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Crime and Deviance: Debates

What are the key debates surrounding crime and deviance? Crime statistics don't tell the whole story - learn more about the different factors affecting crime with our dedicated analysis.

Crime stastistics

In the past, figures of crime were based on the official statistics provided by the police and courts. However, sociologists began to question whether these figures were a valid indicator of real crime rates. To become a ‘crime’ an event had to be reported by the public and recorded as a crime by the police. Many crimes such as domestic violence, illegal drug taking and vandalism may not be reported, leading to what became known as the ‘dark figure’ of crime. At the same time police priorities may alter at different times and in different places. For example, they may have ‘clampdowns’ on drug taking at certain times, this making any comparisons impossible.

As a response to these criticisms new methods of discovering the facts and figures of crime were developed. Victim surveys took the approach of asking a large sample of the public about their experiences of crime. This approach was pioneered by Left Realists in a series of local victim studies, revealing that crime represented a real problem for people in inner-city areas. The government started their own large-scale victimisation survey, the British Crime Survey, in 1982. This is now known as The Crime Survey for England and Wales and takes place annually, using a sample of around 50,000 people.

Victim surveys reveal a proportion of the ‘dark figure’ but still under-represent crimes that have no clear victim or that the public are unwilling to talk about. These may include domestic violence, sexual offences and white-collar and corporate crimes. Feminist researchers have developed sensitive interviewing techniques for victim studies to encourage women to talk about their experiences of victimisation but these often only involve small samples.

Self-report studies are another method of finding out about crime. They involve asking a sample of people whether they have actually committed any crimes or deviant acts. Self-report studies are particularly useful in the study of youth crime (juvenile delinquency) as they provide information about the social characteristics of offenders. For example, they show that the gender difference in offending is less than that shown in the official statistics. However, despite the best efforts of researchers to keep answers confidential and respondents anonymous, there remains some doubt over the validity of data derived from self-report studies.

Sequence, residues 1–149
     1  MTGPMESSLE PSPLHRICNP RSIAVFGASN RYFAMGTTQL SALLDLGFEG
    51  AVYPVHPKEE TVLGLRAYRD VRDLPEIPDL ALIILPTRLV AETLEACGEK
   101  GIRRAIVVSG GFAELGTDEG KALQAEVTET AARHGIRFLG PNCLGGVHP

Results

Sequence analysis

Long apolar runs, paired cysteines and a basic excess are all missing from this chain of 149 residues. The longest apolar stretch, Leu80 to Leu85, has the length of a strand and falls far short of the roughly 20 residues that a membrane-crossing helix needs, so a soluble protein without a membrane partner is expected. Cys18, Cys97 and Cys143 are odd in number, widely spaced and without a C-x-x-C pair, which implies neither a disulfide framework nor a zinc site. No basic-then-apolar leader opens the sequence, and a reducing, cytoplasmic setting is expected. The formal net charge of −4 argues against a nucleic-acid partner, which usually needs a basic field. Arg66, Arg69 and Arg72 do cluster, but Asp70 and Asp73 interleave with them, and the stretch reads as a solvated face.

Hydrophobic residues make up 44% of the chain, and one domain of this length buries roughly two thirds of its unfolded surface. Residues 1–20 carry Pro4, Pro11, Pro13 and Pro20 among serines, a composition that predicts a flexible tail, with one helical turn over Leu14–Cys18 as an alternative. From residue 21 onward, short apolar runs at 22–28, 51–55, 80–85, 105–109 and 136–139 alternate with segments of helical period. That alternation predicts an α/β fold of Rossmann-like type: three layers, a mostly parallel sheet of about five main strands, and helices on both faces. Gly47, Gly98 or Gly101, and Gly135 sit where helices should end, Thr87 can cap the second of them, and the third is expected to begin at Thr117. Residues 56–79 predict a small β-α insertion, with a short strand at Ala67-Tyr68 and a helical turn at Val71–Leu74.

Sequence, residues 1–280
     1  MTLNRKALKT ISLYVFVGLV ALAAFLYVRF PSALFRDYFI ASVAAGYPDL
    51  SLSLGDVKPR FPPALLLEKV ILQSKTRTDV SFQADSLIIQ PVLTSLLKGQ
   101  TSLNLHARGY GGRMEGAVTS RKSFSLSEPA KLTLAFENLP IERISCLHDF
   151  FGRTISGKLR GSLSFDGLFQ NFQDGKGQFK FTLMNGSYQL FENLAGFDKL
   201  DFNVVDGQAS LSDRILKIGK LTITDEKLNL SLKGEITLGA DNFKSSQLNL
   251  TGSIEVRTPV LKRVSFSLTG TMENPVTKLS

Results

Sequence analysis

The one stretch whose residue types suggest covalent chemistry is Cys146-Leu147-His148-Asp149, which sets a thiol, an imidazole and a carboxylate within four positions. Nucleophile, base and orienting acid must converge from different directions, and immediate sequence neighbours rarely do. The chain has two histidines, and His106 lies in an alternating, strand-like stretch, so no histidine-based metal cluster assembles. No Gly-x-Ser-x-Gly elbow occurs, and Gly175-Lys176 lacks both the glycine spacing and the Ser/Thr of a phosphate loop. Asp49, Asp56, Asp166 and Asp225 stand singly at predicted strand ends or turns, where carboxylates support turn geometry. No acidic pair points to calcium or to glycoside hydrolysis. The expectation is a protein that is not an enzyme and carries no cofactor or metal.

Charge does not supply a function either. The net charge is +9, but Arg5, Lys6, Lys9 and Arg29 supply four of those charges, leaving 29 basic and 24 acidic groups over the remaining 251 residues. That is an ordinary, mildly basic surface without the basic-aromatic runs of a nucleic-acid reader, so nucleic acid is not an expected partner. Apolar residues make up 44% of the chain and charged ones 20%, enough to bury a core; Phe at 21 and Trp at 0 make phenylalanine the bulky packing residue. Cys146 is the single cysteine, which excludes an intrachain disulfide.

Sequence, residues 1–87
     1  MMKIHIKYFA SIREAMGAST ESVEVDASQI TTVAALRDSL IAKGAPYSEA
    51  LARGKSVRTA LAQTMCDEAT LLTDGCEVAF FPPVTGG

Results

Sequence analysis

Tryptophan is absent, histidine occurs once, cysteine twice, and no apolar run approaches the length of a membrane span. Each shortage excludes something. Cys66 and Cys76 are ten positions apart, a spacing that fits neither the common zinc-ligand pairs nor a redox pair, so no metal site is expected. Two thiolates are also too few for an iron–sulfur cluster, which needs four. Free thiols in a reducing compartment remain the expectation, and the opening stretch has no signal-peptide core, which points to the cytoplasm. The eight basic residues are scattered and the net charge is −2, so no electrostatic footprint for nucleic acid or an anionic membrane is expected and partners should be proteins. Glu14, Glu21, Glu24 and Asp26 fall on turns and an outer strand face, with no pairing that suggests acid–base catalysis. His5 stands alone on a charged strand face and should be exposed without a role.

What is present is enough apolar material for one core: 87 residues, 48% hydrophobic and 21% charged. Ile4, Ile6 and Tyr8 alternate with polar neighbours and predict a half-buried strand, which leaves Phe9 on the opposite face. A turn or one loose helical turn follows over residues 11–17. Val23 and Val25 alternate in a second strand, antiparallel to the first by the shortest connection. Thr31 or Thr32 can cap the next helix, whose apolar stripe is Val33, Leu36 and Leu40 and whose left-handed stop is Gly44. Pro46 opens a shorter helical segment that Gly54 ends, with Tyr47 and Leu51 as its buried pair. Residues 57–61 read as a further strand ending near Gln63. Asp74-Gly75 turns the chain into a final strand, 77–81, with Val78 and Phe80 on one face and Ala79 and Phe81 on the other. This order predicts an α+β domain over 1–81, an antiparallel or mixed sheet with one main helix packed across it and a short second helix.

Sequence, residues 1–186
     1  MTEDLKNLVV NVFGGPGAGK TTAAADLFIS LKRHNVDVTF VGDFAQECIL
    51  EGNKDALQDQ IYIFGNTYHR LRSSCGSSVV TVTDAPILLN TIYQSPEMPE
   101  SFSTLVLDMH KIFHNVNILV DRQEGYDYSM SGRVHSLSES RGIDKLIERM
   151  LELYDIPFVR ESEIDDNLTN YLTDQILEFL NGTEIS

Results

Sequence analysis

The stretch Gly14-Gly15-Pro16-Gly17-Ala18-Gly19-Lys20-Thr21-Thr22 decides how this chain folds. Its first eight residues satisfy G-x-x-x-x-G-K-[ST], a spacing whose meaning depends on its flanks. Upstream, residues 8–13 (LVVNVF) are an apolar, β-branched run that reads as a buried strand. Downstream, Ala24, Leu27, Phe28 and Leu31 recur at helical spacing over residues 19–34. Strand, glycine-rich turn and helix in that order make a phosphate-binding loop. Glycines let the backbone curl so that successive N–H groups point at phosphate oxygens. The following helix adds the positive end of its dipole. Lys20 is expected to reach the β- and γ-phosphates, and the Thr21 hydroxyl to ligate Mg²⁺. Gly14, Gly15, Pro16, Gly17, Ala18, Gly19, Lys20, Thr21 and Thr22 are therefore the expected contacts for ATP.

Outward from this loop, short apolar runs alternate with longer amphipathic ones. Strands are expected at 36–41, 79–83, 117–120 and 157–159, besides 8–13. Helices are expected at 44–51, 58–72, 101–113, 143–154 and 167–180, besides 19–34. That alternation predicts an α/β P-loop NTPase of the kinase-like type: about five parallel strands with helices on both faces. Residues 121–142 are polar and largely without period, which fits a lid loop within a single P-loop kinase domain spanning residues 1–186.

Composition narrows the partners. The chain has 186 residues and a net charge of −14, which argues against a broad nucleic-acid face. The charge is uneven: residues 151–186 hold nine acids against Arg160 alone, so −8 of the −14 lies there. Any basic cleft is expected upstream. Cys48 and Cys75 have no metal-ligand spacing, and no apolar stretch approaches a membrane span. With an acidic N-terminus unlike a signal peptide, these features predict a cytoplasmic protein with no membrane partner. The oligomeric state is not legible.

Social class and crime

There is a close link between social class and offending. For example, in 2006 around 50% of new prisoners were either unemployed or in the lowest occupational categories, compared with 22% in the general population.

Left Realists argue that relative deprivation is an important cause of crime. Deprivation alone is not enough – in the 1930s there was widespread unemployment but low crime rates. It is only when certain groups feel disadvantaged compared to others around them that that they may seek illegitimate methods of achieving the goals that many people crave for – wealth and material goods.

Some Marxists believe that crime is an inevitable response when the working class are so disadvantaged in extremely unequal societies such as the UK. Others believe that capitalism is such a vicious form of social organisation that all social groups will adopt any means possible to achieve material success and status. However, the deviant activities of poorer groups are much more likely to be dealt with severely by the authorities while the immoral gains made by the rich (white-collar crimes – see section on Key concepts) will be ignored, tolerated or not regarded as deviant at all. Thus tax avoidance and health and safety violations by huge corporations are often dealt with ‘informally’ while social disorder on the streets, such as the 2011 English riots, is ruthlessly dealt with by the police and courts.